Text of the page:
I started gathering blooms for today’s vase, cutting several stems of Dahlia ‘Geoffrey Kent’ and a few from D ‘Bishop of Llandaff’, before heading off to look for some grasses to include and being sidetracked by Persicaria ‘Fat Domino’, before realising that I seemed to be inadvertantly picking elements of the vase created by blogging friend Dorris last week. With the grasses in one hand, I couldn’t resist cutting several stems of an adjacent Persicaria ‘Blackfield’, its flowering spikes not as big and fat as ‘Fats Domino’, but a strikingly dark shade of red. Adding them to the grasses, it occurred to me that sometimes less is more, and that they made a pleasing combination in themselves without the addition of any dahlias, so I can no longer be accused of vase plagiarism!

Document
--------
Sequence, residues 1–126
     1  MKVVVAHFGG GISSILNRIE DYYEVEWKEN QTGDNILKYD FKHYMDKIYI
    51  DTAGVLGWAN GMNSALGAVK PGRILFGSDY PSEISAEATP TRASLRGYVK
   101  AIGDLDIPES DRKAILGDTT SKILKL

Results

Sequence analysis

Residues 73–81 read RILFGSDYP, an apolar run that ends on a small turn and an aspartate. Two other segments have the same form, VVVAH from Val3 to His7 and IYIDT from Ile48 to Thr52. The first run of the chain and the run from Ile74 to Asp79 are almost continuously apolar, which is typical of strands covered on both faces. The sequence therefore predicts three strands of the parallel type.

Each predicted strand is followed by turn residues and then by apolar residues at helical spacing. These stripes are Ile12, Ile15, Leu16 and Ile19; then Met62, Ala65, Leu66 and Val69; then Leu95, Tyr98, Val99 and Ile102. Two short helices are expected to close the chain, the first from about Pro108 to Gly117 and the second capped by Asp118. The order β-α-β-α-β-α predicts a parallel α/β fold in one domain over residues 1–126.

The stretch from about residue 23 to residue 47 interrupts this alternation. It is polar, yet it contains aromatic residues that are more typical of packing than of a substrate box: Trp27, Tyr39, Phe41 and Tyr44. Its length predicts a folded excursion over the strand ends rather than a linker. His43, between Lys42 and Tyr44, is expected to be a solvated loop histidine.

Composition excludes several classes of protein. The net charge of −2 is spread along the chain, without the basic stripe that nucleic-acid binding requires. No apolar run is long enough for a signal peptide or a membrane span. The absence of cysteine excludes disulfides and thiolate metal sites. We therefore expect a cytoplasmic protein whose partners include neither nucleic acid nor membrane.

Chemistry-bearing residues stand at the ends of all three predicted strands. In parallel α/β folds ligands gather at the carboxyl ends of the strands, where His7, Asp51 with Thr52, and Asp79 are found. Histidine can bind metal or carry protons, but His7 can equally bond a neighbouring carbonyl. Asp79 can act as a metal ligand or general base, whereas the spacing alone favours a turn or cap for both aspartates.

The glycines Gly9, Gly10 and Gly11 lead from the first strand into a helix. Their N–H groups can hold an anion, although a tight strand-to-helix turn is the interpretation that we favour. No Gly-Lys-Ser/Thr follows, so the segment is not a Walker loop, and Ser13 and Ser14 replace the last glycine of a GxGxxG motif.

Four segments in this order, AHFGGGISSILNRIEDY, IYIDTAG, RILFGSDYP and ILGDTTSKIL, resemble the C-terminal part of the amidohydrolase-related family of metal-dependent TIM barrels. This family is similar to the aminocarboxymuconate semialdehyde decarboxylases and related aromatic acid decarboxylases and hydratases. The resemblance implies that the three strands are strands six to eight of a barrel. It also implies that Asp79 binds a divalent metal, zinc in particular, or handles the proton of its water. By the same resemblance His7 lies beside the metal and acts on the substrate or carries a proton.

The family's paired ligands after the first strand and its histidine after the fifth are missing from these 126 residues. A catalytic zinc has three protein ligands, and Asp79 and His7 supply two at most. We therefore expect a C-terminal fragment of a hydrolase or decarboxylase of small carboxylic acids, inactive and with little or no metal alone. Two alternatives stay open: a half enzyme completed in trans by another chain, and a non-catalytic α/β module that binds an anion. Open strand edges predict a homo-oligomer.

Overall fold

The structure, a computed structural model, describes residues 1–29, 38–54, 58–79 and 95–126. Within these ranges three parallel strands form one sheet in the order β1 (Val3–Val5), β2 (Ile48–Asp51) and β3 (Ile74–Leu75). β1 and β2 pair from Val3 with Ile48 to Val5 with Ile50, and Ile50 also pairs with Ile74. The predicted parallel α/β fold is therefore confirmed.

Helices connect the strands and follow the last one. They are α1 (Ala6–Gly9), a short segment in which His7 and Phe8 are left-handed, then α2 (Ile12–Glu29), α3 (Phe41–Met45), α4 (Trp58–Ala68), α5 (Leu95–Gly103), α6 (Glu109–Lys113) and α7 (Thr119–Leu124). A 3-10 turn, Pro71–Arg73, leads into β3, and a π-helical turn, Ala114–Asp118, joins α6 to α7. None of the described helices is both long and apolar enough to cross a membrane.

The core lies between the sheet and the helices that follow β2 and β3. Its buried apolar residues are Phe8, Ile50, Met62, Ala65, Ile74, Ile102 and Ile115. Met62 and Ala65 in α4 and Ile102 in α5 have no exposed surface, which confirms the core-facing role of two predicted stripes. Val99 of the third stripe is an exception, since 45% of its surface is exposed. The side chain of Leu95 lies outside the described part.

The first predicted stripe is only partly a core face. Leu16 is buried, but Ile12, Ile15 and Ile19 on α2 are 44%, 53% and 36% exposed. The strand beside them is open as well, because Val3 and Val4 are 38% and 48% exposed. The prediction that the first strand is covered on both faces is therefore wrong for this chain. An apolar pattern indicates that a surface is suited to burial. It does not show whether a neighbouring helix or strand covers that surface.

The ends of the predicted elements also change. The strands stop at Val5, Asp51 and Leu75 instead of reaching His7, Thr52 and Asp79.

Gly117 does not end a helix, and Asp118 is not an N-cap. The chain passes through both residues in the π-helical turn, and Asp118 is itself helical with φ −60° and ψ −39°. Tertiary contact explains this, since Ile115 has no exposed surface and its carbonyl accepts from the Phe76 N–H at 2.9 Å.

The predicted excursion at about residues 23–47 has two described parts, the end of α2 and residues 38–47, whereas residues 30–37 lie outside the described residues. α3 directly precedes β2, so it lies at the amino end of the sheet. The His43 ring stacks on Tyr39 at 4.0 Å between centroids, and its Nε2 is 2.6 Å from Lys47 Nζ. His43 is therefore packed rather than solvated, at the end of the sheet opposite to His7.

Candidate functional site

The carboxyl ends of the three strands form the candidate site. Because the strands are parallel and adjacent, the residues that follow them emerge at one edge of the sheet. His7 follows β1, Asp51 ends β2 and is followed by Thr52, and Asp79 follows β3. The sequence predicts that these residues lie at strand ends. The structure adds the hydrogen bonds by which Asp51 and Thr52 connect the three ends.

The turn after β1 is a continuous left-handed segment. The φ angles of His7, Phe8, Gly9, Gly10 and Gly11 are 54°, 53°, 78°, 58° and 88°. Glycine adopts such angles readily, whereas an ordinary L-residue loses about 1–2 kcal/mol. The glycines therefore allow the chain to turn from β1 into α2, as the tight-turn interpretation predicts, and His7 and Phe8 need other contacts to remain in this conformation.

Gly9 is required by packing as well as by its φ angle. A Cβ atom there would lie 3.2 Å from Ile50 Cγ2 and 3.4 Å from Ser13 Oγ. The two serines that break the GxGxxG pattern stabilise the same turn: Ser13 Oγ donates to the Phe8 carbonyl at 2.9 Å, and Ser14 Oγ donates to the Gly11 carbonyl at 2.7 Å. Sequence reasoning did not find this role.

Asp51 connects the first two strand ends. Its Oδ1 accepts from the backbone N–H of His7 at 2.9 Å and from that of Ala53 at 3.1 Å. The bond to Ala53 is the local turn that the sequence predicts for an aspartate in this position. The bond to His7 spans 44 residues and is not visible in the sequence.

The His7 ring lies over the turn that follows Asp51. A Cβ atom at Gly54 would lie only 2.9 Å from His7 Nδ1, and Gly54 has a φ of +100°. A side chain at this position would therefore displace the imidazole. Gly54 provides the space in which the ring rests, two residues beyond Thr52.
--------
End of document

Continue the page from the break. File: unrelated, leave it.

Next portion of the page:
Instead of stuffing a vase with dahlias, we therefore have several stems of P ‘Blackfield’, flowering grass Miscanthus ‘Ferner Osten’, and a single bloom of ‘Geoffrey Kent’. LIke the calamagrostis that Dorris used in her vase, the miscanthus has a slight rosy tint to it and always reminds me of string when you have separated it into its individual strands. The remaining blooms were not wasted, but were tied into a posy and taken with me to the centre where I do weekly voluntary work.
The black gates of today’s prop are part of my childhood collection of Britains ‘Floral Miniature Garden’, a collection sadly mutilated by my children and their friends at some stage, with items broken, mixed-up and lost – I blame the friends!! On top of the gateposts I inserted what were classed as ‘rock plants’, although the foliage I included probably belonged to something else.
That’s my Monday vase for today, and it would be lovely if some of you could join us with your own vase, garnered with material from your garden or foraged nearby. Please leave the usual links to and from this post.